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Interview: 'EAT THE BUGS' by THE REFUSERS 09/09/2022

Hailing from Seattle, The Refusers are an up and coming Modern Rock band with a penchant for writing infectious music and controversial narratives. Rallying 107K followers on Facebook, Michael Belkin (Songwriter, Guitar & Lead Vocals), Ehssan Karimi (Drums), Eric Robert (Keyboards) and Steve Newton (Bass, Backing Vocals), blast through the establishment’s twisted goals - performing songs of melodic defiance.



Gearing up to release their latest musical escapade, ‘EAT THE BUGS’ [9th of September 2022] features signature modern rock sounds and tendentious lyricism. The single will be the first release of many more to come, satisfying the political symposium of the quartet’s global following. The Refusers draw inspiration from personal issues - coupled with societal commentary that evokes emotional responses, the band intends to engage existing audiences and reach out to new ones. Planning to release four original songs in the near future, the band continues to provoke with material that’s exciting yet profound. Homogeneous to Rage Against The Machine, Frank Zappa, the Clash, Metallica, Greta Van Fleet, and Guns N' Roses, The Refusers bellow an in in-your-face message through punk vibes and rock riffs - reminiscent of an industrial era exuberayting metal, guitars and anarchic resilience.


Being avid storytellers, ‘EAT THE BUGS’ touches on themes relating to the World Economic Forum (Davos) and Klaus Schwab; questioning the status quo and contemporary rhetorics. The track echoes complaints against a ridiculous proposal made by economy puppeteers. A musical protagonist, frontman Belkin contextualises his musical motive for rebellion as a mouthpiece for personal hardships;

“For people who have never heard of the WEF or their agenda… this song - the album art & video could open their eyes and get them to ask questions. It also rocks.”
  1. What does punk mean to you; how has the subculture shaped your own perceptions of the world, and the impact music has as an effective tool for activism? Most modern music is disgustingly slick: Robo drums, hard tuned vocals, over-produced, no message, transparently aimed at corporate sponsorship. Punk is the antithesis of that, or should be. Raw instruments, pounding drums, blazing guitars, in-your-face vocals with a message that upsets the establishment and unconscious people. And inspires rebellion.

  2. Which artists and creative influences have had the largest influence on your music career? What's your favourite song? Clash, Rage Against The Machine, Marley. Nobody modern that's popular.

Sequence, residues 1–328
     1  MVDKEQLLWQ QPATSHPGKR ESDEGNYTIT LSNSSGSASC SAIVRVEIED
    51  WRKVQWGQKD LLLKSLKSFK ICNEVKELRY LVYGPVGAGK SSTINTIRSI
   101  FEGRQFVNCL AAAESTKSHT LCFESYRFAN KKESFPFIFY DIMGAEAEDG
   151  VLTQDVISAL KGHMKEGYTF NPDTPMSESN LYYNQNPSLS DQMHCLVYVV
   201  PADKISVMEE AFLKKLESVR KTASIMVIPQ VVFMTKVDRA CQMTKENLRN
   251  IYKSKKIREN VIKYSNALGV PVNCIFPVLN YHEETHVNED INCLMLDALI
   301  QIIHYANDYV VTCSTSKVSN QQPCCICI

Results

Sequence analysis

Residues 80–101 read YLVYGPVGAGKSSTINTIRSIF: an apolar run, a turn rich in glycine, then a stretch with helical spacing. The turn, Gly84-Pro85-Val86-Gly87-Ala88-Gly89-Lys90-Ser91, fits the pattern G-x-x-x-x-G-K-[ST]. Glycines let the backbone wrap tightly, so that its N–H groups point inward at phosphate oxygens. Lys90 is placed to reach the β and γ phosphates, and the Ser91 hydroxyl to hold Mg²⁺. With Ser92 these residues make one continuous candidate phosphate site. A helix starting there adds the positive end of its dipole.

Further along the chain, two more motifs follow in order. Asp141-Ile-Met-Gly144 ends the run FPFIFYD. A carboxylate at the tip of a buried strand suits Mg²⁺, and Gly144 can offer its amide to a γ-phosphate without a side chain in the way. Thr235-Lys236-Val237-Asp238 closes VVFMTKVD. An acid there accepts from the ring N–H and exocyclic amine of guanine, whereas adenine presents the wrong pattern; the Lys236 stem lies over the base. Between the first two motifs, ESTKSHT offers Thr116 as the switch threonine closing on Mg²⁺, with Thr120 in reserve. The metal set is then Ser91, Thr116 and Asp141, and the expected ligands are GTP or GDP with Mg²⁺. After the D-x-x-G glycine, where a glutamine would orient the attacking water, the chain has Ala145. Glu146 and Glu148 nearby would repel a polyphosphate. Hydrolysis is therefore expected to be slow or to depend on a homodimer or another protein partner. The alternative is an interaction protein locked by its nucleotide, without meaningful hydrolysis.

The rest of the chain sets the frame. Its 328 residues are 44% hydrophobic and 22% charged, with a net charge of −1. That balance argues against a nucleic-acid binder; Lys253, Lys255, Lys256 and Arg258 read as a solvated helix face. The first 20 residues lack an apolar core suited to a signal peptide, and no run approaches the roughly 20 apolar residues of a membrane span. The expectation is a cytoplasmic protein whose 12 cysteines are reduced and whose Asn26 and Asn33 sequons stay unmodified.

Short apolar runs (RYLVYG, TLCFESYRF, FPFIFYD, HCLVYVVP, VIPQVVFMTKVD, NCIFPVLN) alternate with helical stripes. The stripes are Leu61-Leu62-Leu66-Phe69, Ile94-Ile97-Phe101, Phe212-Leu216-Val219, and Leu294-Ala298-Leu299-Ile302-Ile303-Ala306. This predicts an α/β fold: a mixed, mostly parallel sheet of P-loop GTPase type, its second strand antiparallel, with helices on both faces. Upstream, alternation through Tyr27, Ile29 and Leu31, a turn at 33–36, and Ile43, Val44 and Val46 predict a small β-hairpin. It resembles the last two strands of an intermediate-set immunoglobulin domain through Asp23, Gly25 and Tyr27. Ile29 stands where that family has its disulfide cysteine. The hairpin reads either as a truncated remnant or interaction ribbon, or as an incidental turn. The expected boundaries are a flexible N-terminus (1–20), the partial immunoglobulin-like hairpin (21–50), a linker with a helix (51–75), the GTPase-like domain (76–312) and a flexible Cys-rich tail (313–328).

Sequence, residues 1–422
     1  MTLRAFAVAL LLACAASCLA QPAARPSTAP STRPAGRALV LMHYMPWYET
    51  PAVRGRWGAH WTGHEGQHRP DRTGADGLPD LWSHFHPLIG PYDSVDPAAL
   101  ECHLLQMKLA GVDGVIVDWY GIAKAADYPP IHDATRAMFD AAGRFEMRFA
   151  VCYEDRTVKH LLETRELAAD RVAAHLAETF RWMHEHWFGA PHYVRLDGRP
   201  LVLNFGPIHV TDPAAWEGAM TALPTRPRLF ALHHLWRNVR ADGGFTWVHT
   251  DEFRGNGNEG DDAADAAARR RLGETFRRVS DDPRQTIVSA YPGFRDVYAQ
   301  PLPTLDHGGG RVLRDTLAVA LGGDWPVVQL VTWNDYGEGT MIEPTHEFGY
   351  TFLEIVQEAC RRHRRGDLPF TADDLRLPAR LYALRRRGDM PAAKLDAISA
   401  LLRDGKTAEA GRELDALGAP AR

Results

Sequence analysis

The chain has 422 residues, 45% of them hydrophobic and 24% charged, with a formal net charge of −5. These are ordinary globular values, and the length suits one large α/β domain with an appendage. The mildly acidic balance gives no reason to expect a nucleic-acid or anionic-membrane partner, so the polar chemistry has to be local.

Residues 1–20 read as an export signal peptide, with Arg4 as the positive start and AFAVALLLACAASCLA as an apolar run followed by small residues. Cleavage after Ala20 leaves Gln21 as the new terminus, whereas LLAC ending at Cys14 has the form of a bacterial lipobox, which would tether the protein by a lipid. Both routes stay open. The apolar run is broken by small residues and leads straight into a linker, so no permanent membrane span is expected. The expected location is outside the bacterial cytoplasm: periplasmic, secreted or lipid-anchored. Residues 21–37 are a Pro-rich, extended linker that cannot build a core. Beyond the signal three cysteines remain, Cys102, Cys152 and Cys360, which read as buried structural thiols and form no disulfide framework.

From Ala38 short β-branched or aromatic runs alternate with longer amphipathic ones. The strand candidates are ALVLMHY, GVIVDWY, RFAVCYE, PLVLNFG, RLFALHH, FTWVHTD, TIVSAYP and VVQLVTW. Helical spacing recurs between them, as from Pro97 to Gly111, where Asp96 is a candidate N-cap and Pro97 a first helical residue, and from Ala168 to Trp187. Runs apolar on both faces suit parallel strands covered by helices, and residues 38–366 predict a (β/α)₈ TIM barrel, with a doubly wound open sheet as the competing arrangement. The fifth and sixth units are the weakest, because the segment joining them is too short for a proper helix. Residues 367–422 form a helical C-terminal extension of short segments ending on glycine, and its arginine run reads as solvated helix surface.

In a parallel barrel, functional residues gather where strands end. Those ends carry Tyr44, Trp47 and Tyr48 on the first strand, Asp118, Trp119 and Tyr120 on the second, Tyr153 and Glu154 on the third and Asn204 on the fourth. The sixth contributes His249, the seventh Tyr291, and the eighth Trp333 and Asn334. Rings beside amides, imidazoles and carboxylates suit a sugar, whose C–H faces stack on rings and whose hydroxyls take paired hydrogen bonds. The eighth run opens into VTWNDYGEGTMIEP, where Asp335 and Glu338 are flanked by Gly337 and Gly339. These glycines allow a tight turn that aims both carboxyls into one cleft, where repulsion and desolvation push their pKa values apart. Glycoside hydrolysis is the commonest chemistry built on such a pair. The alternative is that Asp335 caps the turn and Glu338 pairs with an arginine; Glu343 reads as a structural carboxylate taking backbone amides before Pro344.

3. What has been the best/worst surprise that you've had when releasing the music video on social media? Our hard rock/punk style, songs and message cut like a knife through the status quo. Sheeple don't get it and are offended. That's what punk rock protest music is supposed to do. Our fans love the fact that we perform songs of defiance about topics that are considered off-limits by most commercial music.

  4. Speaking of, who was the curator behind the video and artwork? What drove you to them as the collaborator for visuals on this single? William Banzai in Hong Kong did the cover art according to my directions. He is amazing. A low-profile video maker in Colombia who shall remain nameless did the videos according to my template. They are both fantastic. I looked at multiple video and photo shop artists and they were all extremely boring and mainstream except for these two.

  5. If 'Eat The Bugs' was a soundtrack to a film or TV programme, what would it be? At this point in history, no Hollywood production would touch it with a 10 foot pole. Maybe in the future it would be perfect for a remake of Orwell's 1984.


“Belkin is a courageous musician who proves he’s not afraid to speak his fiery truth about not approving of the corrupt injustices that are presently being committed by leaders in power across America. The current indie rocker and former Wall Street worker has fearlessly expressed his displeasure with the country’s modern divisive political discourse with his band’s latest record, which emphasizes the uplifting message that society often fails to embrace: that that love is always going to shine, even in desperate times.” Karen Benardello — Shock Ya!



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